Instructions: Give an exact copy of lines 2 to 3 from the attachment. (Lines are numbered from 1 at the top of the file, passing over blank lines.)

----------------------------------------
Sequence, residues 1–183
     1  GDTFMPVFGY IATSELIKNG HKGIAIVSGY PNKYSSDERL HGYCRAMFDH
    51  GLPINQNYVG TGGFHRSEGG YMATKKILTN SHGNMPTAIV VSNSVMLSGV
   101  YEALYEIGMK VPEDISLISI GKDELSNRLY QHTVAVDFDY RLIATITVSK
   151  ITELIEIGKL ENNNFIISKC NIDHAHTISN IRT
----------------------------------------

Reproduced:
     1  GDTFMPVFGY IATSELIKNG HKGIAIVSGY PNKYSSDERL HGYCRAMFDH
    51  GLPINQNYVG TGGFHRSEGG YMATKKILTN SHGNMPTAIV VSNSVMLSGV